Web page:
I Just Saw Her…

Medical SignSaturday the mother of a friend passed away after a long sickbed. Yesterday I stayed with my Mum while my Dad visited a friend for her birthday. Part of the time my Mum slept, but around four she walked in, sat in her chair and said “It’s time for tea and a cookie or two, three…”, which we had. I left around six when my Dad came home.

This morning just after nine the phone rang, which I couldn’t pick up because I was still in the shower, then my cell went off… I knew something was up so I rang back. Turned out Mum couldn’t get enough oxygen before she went to bed at 10 the night before, so my Dad called an emergency doctor who, after seeing the patient, called an ambulance.

I can see her in a few hours at the hospital, and hope to hear what’s going on. Big Sis stopped her travel with a friend short and is with my Dad at home now. Lil’ Sis is travelling with her family somewhere through Laos and/or Viet Nam. She will get a call when the end is near and all hope has gone, not before. And my little brother… he’ll find out when he comes over this weekend for a scheduled visit.

Yesterday my Mum told me she had a good life but it was enough. She said “I sleep more than I’m awake, why can’t the Lord let me sleep all the time…”. I couldn’t answer her.


Bruised & Broken

First this is not me! But my dear Big Sis slipped while on vacation in Southern Italy, 3 weeks ago. At the time she didn’t get her foot checked at a local hospital, as any normal person [with insurance] would do, but she taped it herself and staggered on.

Before catching her plane from Naples, a week later, she phoned her GP to make an appointment for the next day, which was granted. After seeing her GP her doctor phoned the hospital for an immediate X-ray, and after the photo was taken she heard she couldn’t leave the hospital for some time. First the swelling had to come down, but until that happened she would go into plaster. Of course after a week she was bored. You’re not really sick, but you can’t go places, and if you can only in a wheelchair with your leg up.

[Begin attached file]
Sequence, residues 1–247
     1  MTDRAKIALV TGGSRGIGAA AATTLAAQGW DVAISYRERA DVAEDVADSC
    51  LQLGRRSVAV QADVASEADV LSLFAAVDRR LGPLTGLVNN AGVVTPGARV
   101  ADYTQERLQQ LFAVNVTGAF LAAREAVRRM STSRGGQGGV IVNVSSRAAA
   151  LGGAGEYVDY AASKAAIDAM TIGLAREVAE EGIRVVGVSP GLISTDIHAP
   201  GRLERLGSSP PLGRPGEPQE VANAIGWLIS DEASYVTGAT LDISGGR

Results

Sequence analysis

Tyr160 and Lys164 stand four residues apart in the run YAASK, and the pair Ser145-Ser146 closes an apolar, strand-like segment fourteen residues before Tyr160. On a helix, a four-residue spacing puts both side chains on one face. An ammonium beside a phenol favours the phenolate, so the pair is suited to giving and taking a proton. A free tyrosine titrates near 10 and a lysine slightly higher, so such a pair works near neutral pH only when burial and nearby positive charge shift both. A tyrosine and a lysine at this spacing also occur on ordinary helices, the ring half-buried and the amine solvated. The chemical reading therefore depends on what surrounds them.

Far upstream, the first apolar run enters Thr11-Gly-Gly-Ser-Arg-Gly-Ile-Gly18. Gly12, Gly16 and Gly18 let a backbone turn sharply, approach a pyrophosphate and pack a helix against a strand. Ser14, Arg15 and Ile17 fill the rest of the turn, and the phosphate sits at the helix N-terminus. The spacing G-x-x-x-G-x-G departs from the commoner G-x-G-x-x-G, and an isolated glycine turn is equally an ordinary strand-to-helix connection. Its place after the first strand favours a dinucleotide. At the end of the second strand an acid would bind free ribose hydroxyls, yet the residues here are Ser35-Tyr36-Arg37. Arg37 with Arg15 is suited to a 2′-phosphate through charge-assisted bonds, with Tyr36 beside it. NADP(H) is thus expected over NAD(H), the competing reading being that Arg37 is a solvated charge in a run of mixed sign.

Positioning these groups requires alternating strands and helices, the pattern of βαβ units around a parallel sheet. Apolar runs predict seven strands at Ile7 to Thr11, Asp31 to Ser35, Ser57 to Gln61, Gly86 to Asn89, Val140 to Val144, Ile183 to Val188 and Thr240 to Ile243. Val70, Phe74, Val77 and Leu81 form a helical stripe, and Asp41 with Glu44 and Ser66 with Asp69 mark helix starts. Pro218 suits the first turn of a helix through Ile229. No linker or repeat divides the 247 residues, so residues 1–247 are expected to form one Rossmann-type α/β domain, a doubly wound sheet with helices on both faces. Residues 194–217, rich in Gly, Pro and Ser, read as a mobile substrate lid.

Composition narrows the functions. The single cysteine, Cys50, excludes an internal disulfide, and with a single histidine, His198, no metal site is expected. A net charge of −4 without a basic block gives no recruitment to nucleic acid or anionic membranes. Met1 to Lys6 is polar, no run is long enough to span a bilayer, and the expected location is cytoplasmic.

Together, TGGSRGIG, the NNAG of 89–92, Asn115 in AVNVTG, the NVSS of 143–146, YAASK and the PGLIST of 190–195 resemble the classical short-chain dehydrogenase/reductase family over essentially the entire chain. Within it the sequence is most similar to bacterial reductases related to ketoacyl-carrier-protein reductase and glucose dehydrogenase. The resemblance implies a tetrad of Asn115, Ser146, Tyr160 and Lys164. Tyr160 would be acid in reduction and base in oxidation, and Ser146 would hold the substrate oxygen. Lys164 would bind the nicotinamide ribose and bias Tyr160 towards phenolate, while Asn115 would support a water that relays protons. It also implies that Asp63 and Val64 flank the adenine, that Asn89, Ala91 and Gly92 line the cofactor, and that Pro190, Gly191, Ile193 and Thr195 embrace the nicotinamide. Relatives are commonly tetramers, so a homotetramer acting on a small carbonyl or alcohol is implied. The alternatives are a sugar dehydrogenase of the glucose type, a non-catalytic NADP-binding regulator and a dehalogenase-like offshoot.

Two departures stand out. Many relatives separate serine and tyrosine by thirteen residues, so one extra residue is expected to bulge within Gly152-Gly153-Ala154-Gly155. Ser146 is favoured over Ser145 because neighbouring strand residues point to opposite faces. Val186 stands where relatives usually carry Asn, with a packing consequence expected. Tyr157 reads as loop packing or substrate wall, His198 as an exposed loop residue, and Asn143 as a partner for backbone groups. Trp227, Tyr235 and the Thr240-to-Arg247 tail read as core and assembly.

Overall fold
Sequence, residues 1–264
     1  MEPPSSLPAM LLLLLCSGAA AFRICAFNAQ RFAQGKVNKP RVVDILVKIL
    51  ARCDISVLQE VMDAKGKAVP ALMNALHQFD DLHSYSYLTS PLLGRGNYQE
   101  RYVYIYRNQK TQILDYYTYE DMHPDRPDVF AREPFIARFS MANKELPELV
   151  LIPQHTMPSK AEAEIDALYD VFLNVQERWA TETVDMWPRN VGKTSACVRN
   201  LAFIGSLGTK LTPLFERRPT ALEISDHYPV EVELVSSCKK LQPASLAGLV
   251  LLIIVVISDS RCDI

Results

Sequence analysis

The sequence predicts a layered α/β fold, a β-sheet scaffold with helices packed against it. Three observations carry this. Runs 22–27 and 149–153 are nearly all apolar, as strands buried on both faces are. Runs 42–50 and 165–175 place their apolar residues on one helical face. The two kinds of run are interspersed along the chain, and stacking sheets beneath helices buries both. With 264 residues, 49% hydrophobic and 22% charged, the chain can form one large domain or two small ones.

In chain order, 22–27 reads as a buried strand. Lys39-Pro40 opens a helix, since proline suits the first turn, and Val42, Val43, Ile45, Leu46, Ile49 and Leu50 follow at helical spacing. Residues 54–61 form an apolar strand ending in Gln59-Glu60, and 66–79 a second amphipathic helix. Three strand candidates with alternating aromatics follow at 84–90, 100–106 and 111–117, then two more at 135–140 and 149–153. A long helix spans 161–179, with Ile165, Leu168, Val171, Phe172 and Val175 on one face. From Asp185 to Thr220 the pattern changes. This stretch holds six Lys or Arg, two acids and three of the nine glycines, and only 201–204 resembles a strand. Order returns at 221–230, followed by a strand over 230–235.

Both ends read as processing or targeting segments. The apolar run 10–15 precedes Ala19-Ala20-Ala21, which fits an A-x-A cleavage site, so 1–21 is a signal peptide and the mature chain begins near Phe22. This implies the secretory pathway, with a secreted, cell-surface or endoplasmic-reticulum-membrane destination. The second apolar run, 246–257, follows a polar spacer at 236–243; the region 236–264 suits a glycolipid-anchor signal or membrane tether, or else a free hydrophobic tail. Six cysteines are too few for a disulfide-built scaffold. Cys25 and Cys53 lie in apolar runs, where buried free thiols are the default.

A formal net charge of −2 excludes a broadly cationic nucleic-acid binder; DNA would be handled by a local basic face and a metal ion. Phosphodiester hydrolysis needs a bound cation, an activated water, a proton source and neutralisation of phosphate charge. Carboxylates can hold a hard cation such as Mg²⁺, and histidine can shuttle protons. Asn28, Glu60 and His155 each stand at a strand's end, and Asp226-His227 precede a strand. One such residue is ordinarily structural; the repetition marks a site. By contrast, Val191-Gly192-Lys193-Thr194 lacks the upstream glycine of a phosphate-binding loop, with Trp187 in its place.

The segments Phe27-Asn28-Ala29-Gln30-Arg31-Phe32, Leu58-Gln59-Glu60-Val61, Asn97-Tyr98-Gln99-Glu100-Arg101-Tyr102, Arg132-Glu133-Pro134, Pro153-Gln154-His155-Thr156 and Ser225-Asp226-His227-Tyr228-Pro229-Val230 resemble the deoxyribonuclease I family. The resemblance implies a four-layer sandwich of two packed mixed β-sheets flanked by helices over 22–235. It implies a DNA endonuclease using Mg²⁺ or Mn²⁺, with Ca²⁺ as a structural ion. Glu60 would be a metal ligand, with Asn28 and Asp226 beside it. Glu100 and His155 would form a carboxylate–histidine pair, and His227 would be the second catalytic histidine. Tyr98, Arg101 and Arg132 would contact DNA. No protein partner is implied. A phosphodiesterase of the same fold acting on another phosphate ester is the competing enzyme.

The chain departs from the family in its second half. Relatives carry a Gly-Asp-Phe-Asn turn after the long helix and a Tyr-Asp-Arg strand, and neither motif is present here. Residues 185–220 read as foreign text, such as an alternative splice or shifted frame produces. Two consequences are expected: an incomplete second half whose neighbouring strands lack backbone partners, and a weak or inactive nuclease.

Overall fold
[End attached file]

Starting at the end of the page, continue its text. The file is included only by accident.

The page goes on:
Last weekend she could go home for one night. The hospital had arranged a special bed, a wheelchair and a commode in ther livingroom. Her youngest son has put all her favorite TV series on USB-sticks so she can watch them on her laptop when she’s back at the hospital.

By the time this post goes up, she’ll be in surgery, six metatarsals are broken, one bone is dislodged, pins and plates will be used to align them back in place. And she’ll be in plaster for the coming 6 weeks.

And all she’s worried about is… if she has to wear orthopedic shoes [clogs] like I do. Another minor point is when the surgeon told her that the rehabilitation time would be between 12 to 18 months.

Sis, remember you were there, September 24, 2001 when my first plaster went around my foot and leg, later feet and legs, I was in it for two years and my rehabilitation period will end when I die. I’m glad I’m still a phase 2 with the Charcot disease**. I don’t like my clogs, but they give me support and a chance to walk, not long distances, but I’m getting there… in the end.  

* Photo of the broken foot comes from the Internet, hope that person healed to full recovery.
** Phase 3 is wearing “Bermuda shorts” summer and winter, because your legs are amputated below the knee.
    Phase 4 is… R.I.P.

Get every new post delivered to your Inbox.

Join 277 other followers